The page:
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• Three years after tsunami


Thushara Devaka and his sister R.P. Magaleen pray at teh mass grave site at Pereliya

No more tears

By Amantha Perera

A ghostly mist, unseen in recent history, had descended on the southern coast this December 26 morning. The road was not clear 50 metres ahead and the chill brought back memories of a similar morning, not so long ago.

Then too, nature was first freaky and then turned devilish. Last Wednesday it was as if nature was once again toying with the lowly humans. The ruins still remaining of the 2004 tsunami rose spectre like out of the mist.

There was hardly any activity on the beach near Pereliya, the scene of the worst carnage during the tsunami when over 1500 died in the Ruhunu Kumari train bound for Matara. The mist was lifting but the memorial unveiled near the site of the train wreck by government ministers in 2006 was deserted. Only a black dog lay curled on the side.

Reliving the sorrow

The first to arrive there were two journalists from Colombo. Minutes later Thushan Devaka arrived at Pereliya with his sister, R. P. Magaleen, who lost both her daughters there. They did not however stop at the memorial with its elaborate mural. Instead they moved towards the sandy area next to it and started clearing it.

They quickly stood up a banner that had been erected earlier by family members of the victims. "This is where the dead were buried," Devaka said as he set up the makeshift memorial and lit candles. As all things Sri Lankan, the Pereliya memorial itself has its own controversy. The government for some reason set up the memorial on the plot next to the mass grave. Now there are in effect, two memorials, possibly three.

The brother and sister waited for others to arrive, and the minutes ticked by. Hardly anyone arrived. There were the journalists, curious foreigners, one in a pair of shorts, bare-chested going around talking with a heavy accent, totally out of place.

W. M. Priyanthi came there with her husband and two children — her sister and two nieces perished on the train as they were coming over to visit them.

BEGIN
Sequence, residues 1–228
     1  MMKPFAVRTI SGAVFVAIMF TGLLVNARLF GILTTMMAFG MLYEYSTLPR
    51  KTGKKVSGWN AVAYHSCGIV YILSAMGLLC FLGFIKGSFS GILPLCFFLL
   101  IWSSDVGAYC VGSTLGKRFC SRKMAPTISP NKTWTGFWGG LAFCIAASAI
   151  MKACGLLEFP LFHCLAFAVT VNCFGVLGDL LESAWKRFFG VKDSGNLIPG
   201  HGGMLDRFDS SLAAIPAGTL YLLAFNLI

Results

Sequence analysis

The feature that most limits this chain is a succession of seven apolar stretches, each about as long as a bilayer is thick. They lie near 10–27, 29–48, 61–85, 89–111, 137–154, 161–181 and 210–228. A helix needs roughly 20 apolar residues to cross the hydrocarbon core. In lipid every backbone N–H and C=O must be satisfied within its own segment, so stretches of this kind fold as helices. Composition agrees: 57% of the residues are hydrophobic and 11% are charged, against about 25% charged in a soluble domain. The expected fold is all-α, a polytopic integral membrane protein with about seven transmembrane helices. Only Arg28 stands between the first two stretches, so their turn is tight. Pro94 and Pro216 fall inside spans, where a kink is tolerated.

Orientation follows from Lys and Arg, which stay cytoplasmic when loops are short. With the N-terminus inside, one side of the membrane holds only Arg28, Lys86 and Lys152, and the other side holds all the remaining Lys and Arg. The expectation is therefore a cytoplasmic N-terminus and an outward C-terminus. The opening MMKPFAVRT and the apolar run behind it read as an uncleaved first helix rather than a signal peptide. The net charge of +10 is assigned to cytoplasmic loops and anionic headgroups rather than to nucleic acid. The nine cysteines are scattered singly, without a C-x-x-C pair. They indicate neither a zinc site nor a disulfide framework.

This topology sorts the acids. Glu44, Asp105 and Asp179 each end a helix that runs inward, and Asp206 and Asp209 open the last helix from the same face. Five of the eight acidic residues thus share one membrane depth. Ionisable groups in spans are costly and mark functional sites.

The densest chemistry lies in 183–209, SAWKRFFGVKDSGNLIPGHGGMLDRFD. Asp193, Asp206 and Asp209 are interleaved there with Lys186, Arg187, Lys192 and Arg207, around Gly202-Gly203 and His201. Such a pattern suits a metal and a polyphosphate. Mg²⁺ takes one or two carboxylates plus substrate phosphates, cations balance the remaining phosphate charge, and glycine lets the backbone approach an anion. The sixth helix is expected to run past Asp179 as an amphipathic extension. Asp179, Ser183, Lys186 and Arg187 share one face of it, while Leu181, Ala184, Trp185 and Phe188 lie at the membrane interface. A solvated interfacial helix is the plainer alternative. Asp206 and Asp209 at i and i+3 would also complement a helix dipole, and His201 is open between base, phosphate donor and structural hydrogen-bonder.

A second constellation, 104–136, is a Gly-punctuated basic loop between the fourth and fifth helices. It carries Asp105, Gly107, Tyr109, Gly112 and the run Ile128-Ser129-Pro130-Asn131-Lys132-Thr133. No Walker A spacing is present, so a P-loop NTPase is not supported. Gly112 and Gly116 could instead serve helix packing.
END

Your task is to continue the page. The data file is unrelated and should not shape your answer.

She strolled over to the beach and looked at it grimly. "The pain never goes away, it just stays there, and comes back when it wants, like the waves," she said.

Not many made it to Pereliya on December 26, 2007, for the third anniversary. As 9.25, the time when the waves swept in approached, not more than three dozen had gathered at the memorial. There were no government representatives. They were instead in Matara where President Mahinda Rajapakse was presiding over the main event. Nor were there any non-governmental or INGO representatives.

Ven. Pallane Dharmarathana Thero came to the memorial with another monk to light lamps. When he saw the poor attendance, he shook his head. "Well, we are like that, we forget easily and quickly," he said.

The family members chanted gathas with the two monks at the memorial and that was it. Curious others in sun shades and three quarter jeans stayed well away from the memorial and took pictures with their mobile phones. One woman wanted her son to pose in front of the mural.

Forgotten

The time the waves hit had come and gone and Pereliya was back to anonymity, out of which it was dragged out three years ago when the locomotive and its eight ill-fated carriages were tossed up by monster waves. The site soon became a ready made set for all parachute journalists reporting on the tsunami.

"May be its better this way, why live with the pain, there is no point," explained P. Manoj who said he lost 17 members of his extended family. Maybe, only someone who lost 17 relatives in two minutes could argue with him.

Others disagreed that nothingness was bliss. Kusuma Samaranayake spent over three hours getting to Pereliya and back home to Uragasmanhandiya, in the interior, last week. She came to the giant Bahmian Buddha constructed about half a kilometre from the memorial to share the grief of others. She did not lose anyone or anything in the tragedy.

"But how can we forget, it was so bad, it was horrible, the bodies…the stench, we can’t forget," she said looking at the empty streets, wide eyed and shocked. Youth were busy laying lamps for a pahan pooja in the evening, the only big event at Pereliya for that day.

The country as a whole appeared to be getting over the tragedy. There were no television over-kills this time with pop stars dressed in white trying miserably to feign tears. "It is in the past, let it be there, life has to go on," R. K. Malith who works in a fetid coconut husk pit on the road to the statue said. The coir pit is housed in a house reconstructed after the tsunami with funds from a well-wisher. No one lives there, no one has since it was completed. "The toilet pit is overflowing," Malith said. The workers use the toilet in the adjoining house that was also built after the tsunami.

As the much vaunted US$ 3 billion reconstruction effort wound down, concerns still remained over its lopsided delivery. The southern districts have motored along with more houses than the required number being constructed in certain areas.

RADA downgraded